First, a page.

The Camera’s Eye

The Camera’s Eye (New Libri Press) by Judith Kirscht is a novel that I’m convinced should be the first of a mainstream mystery series. The central characters, Veronica and Charlotte, are so likable and so well drawn the reader doesn’t want to let them go away for good at the end of the novel. For me, that means, “Series, please.”

Veronica Lorimer is a professional photographer with a camera she calls “Constance the Nikon.” Charlotte McAllister is a retired prosecuting attorney. They share a house and property on an island in Puget Sound, where they live contentedly until someone throws a pair of rocks through their front window—first move in an increasingly destructive series of hate attacks.

With her narrative drive and her talent for placing the reader firmly and tangibly in the setting she has chosen—in this case the islands off the northwestern coast of Washington—Kirscht grabs the reader by the horns and pulls him or her into the story. But The Camera’s Eye has another gravitational pull—that of the two main characters, who take on the challenge of the attacks with unflinching courage.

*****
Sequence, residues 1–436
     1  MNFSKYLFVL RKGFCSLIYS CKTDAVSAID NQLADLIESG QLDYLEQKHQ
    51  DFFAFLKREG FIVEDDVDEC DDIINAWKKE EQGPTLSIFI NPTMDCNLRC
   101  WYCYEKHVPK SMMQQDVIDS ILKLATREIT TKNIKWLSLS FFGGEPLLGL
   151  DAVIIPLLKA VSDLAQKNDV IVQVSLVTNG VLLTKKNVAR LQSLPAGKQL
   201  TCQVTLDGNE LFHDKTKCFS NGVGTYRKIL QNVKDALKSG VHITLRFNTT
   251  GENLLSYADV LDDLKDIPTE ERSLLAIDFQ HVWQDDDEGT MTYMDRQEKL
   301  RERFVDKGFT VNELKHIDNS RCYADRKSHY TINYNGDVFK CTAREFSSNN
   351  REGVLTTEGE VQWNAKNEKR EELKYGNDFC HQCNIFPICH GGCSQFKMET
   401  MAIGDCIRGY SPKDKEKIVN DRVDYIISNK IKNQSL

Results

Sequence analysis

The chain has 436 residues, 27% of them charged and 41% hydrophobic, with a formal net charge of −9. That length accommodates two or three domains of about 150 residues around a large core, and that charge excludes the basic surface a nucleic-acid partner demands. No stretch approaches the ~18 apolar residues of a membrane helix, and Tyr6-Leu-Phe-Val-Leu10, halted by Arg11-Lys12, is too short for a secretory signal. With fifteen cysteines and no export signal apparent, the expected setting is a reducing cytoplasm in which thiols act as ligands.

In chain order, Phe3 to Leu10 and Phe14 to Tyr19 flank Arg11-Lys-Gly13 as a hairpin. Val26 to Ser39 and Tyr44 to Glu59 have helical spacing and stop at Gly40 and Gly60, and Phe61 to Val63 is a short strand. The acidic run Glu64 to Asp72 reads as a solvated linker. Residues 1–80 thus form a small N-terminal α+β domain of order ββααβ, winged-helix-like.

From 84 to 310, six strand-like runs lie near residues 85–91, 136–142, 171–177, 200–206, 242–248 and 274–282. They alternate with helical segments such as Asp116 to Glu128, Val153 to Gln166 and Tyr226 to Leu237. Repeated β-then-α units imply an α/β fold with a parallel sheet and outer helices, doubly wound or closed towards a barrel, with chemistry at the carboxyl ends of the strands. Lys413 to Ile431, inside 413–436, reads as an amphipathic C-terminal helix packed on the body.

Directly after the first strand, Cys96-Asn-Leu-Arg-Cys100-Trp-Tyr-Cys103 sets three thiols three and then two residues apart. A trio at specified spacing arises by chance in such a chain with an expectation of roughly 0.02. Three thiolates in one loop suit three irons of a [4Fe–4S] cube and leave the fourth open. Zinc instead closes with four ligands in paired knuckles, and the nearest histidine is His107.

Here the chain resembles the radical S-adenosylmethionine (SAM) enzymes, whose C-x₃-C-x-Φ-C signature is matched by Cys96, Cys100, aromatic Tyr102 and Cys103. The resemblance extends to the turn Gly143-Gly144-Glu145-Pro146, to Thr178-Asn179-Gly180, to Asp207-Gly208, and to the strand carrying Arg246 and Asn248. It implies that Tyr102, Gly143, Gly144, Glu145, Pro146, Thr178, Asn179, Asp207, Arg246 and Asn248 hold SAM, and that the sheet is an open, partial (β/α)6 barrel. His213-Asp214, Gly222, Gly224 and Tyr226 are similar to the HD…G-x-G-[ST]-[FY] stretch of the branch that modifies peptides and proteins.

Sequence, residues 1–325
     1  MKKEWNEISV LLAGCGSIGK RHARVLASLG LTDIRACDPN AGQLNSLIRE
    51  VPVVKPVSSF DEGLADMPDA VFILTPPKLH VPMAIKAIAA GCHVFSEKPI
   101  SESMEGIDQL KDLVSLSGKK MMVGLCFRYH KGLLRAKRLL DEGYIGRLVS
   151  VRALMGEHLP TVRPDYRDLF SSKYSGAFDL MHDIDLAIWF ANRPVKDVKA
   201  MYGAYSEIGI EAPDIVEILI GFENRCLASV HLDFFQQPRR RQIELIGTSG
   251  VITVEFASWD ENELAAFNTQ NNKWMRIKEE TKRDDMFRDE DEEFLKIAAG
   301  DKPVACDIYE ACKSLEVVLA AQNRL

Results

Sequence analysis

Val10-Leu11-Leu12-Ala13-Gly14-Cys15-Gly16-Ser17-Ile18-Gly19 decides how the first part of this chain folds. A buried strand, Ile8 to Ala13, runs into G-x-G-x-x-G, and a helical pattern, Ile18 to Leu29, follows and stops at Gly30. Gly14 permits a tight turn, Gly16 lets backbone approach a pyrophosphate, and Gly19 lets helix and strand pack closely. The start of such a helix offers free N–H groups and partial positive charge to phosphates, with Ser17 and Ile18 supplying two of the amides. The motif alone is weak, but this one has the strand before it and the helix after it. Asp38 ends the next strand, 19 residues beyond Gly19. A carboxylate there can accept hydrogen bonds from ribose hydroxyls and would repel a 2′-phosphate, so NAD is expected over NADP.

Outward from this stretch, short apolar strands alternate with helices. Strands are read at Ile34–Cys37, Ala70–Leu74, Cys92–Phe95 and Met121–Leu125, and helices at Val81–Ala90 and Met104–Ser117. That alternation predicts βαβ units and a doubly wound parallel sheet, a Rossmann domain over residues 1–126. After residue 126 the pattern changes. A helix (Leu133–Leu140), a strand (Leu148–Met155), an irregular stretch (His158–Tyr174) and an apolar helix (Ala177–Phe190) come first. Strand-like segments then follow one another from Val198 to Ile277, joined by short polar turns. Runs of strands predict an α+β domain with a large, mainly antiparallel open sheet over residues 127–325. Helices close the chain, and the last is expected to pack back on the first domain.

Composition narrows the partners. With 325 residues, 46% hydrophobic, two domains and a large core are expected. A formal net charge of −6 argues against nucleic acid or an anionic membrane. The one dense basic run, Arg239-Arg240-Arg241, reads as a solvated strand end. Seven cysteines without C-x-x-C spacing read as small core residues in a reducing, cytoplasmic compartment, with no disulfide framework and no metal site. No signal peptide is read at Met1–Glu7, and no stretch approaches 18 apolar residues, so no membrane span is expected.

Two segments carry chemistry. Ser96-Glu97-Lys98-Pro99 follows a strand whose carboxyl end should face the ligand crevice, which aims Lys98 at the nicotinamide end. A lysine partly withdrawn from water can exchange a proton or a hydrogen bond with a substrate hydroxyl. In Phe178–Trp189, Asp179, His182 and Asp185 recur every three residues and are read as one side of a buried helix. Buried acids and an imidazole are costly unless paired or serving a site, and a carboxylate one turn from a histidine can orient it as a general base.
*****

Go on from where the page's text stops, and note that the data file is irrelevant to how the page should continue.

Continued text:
As the attacker (or attackers) become more brazen, Veronica and Charlotte, described by the former as “gray-haired white ladies who looked like English teachers,” become more determined to get to the bottom of the incidents. In the course of their unofficial investigation, Veronica finds she must communicate with her estranged son and daughter, which sparks additional complications.

In the end, the reader comes to know, and admire, these two intelligent and persevering women. As with any novel that introduces engaging central characters, and a mystery that must be unraveled, the author has the obligation to detect and resolve—but also the option of letting the characters live on. Series, please.

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